Price is usually one of the main deciding factors that people look for when buying anything. However, we all know that not all vendors are created equally – so to speak. Opting for a vendor because of their cheaper price points may become expensive in the long run. There are better ways to choose a surplus vendor. This article will provide 5 tips on choosing a reliable surplus electrical vendor so you can ensure quality service.
Consider asking yourself the questions provided under each tip. Remember to always be cautious, awareness is key to your buying power.
1. Vendor’s Transparent Business Process
Businesses that are upfront and honest about their business process are more than likely trustworthy. Vendors that have nothing to hide will be happy to disclose how they obtain their equipment and what testing capabilities they have. The questions below are simple and straightforward and any reputable vendor will understand that you’re just doing your due diligence. You should be wary of vendors who shy away from answering these transparency questions:
- How do they obtain their equipment?
- What is their testing capability?
- What are their warranty terms?
- Are they a factory-authorized distributor?
- Do they sell used or aftermarket equipment?
- Can you obtain a copy of their W-9?
- Do they have a copy of their insurance certificate?
2. Vendor’s Reputation and Establishment
Most businesses have a mailing address and all have an EIN (Employer Identification Number). The Internal Revenue Service (IRS) assigns an EIN to legal businesses in the United States. An EIN is an identification that shows the business is legally operating in the U.S. and are traceable by the government as a precautionary measure. All legitimate businesses in the U.S. are required to have an EIN number so that the IRS can make sure these businesses are not doing anything illegal and harmful to the people. Businesses with a mailing address and EIN number are more trustworthy because they are more likely to be in compliance with the law.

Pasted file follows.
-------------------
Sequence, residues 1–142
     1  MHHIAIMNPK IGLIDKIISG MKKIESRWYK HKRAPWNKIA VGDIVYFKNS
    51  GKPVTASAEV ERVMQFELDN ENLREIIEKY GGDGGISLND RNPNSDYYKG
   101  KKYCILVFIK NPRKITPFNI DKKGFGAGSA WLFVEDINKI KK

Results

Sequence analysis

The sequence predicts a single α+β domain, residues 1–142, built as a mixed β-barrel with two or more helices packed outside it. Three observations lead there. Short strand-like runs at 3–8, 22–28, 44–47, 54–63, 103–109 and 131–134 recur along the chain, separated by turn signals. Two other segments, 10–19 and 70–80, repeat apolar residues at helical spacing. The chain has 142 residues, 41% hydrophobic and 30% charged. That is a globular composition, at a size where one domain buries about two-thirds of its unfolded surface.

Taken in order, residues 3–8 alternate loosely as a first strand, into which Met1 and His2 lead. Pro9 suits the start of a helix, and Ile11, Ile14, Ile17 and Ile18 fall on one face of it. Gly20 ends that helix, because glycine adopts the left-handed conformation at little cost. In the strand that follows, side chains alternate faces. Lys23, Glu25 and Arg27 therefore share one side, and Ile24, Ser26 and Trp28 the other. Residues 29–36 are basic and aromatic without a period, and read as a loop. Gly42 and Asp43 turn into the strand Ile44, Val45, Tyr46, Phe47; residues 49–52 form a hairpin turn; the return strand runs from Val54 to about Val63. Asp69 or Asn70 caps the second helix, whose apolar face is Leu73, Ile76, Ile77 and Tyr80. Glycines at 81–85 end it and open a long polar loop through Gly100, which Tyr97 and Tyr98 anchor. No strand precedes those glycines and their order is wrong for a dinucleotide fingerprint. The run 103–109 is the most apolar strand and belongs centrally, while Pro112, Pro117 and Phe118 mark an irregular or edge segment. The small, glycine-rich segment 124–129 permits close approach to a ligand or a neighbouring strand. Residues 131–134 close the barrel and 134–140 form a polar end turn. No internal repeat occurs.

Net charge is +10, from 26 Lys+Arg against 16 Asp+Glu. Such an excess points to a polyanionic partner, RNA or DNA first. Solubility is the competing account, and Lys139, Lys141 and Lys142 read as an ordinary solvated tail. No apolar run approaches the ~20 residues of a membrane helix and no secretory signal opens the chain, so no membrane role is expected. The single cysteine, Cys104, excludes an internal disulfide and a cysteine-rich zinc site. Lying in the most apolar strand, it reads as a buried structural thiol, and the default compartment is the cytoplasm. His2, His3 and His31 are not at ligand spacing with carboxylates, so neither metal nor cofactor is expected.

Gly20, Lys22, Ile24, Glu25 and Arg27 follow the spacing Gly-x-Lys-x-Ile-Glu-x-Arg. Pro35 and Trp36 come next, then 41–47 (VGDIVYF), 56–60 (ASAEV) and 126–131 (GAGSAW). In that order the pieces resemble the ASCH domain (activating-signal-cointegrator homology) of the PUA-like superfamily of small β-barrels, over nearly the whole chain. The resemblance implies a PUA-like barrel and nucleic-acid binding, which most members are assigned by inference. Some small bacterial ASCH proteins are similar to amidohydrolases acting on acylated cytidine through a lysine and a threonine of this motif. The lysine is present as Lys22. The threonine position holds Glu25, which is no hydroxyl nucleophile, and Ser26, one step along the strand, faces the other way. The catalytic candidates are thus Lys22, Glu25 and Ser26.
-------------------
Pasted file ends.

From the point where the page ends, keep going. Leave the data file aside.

Businesses that establishes with agencies, such as the Better Business Bureau (BBB), allow you to see their business ratings and their customer reviews. Take your time to read through the ratings and decide for yourself if the vendor is up to your standards. It is common practice for legitimate businesses to show their company on these agencies for authority and credibility reasons.
Businesses that maintain certifications yield more reliable products. For example, businesses with an InterNational Electrical Testing Association (NETA) certification have four levels of competency. These levels of competency within the electrical testing industry are based on the ANSI/NETA ETT Standard for Certification of Electrical Testing Technicians. The levels of classification are defined in terms of the skills and knowledge required in a given method(s) to perform specified electrical testing and maintenance activities. So look out for certifications and their completion date to see if they’re up to date on continuing education. You can rest assured that these businesses are more reliable and credible than most.
Here are sample questions you could ponder to get started:
- Does the business have a mailing address?
- Does the business have an EIN number?
- Is the business established with known agencies (e.g., Better Business Bureau)?
- Does the business maintain certifications (e.g., NETA, PEARL)?
A vendor’s business reputation and establishment correlates to their credibility and reliability. Legitimate businesses should have the basics down, such as mailing address, EIN, certifications, etc. The questions you ask will help you determine if the vendor you’re buying from is reliable and deserving of your business. Being more aware of what to look for in a vendor is one step closer to getting your job/project off the ground. Simple cautionary questions will save you a ton of headache in the future from scam and fraud. It might take a little investigation but it is worth your peace of mind.